"However, in its judgement today the European Court of Justice has ruled that the scope of Article 118A is much broader than the United Kingdom envisaged when the article was originally agreed as part of the Single European Act. This appears to mean that legislation which the United Kingdom had expected would be dealt with under that protocol can be adopted under Article 118A. That is contrary to the clear and expressed wishes of the United Kingdom Government and goes directly counter to the spirit of what we agreed at Maastricht. It is unacceptable and must be remedied". My right honourable friend and the previous government then said that they would block everything to do with the Amsterdam Treaty if he was not satisfied on this point. However, he then lost the election and the new Labour Government regrettably signed up to the social chapter, the Amsterdam Treaty and all the rest of it.

I do not propose to weary the House with a full quotation of the articles concerned, but there are a few extracts which I think should be placed on the record to show exactly how serious this situation is for the United Kingdom. The first article I have chosen--which has not been excluded by Protocol 25 under the Amsterdam amendments--is Article 2 of the consolidated treaty on the European Union, loosely referred to as Maastricht. I refer particularly to the first indent thereof. The United Kingdom is committed to this. The article states,

    "to promote economic and social progress which is balanced and sustainable through the strengthening of economic and social cohesion and through the establishment of economic and monetary union, ultimately including a single currency in accordance with the provisions of this treaty". That could not be clearer. We are committed to economic and monetary union in Article 2 of the Maastricht Treaty. Actually that article goes back to the original Treaty of Rome.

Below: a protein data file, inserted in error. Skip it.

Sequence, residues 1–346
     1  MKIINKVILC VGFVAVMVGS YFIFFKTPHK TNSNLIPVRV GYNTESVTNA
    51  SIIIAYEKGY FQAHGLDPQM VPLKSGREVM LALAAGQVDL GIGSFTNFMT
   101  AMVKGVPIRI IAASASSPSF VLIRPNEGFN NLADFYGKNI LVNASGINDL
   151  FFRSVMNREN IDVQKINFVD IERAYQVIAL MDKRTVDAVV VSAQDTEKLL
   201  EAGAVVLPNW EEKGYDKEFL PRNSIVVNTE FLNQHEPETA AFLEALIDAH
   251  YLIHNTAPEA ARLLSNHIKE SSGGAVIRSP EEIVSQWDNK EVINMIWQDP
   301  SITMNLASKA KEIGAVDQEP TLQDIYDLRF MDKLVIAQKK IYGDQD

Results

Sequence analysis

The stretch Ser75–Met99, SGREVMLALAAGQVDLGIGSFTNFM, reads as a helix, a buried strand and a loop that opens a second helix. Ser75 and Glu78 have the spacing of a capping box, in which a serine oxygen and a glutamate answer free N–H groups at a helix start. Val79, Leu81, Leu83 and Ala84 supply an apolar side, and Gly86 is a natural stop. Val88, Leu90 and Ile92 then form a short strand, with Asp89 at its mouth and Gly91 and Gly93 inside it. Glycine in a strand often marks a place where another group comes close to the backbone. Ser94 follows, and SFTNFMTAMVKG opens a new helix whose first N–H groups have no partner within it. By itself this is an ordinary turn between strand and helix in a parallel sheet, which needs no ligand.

I suggest that "the strengthening of economic and social cohesion" must put strong pressure on our tax policies. Article 3 of the same Maastricht Treaty states,

    "The Union shall in particular ensure the consistency of its external activities as a whole and in the context of its external relations, security, economic and development policies".

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    There we are; once again we are committed to communautaire economic policies. However, the position becomes worse and more specific. Article 2 of the treaty establishing the European Community--known as the TEC--states,

    "The Community shall have as its task by establishing a common market and economic and monetary union to promote throughout the Community a harmonious and balanced development of economic activities and economic and social cohesion and solidarity among the member states". There it is again; it is a case of economic and monetary union absolutely with knobs on, but I should have thought that tax policy was included in that.

Article 4 of the TEC states,

    "For the purposes set out in Article 2 the activities of the member states and the Community shall include the adoption of an economic policy which is based on the close collaboration of member states' economic policies". I should have thought that it is difficult to have an entirely independent tax policy under that provision.

Article 98 of the TEC states,

    "Member states shall conduct their economic policies with a view to contributing to the achievement of the objectives of the Community as defined in Article 2". The provision in Article 99.1 of the TEC is, I think, inescapable. It states,

    "Member states shall regard their economic policies as a matter of common concern and shall co-ordinate them within the Council in accordance with the provisions of Article 98". I shall not weary the House with the penalties for falling out with this communautaire economic policy, as they are contained in Articles 226-229 of the TEC. They are draconian and allow for unlimited fines in the Luxembourg court, against which of course, in true Euro style, there is no appeal.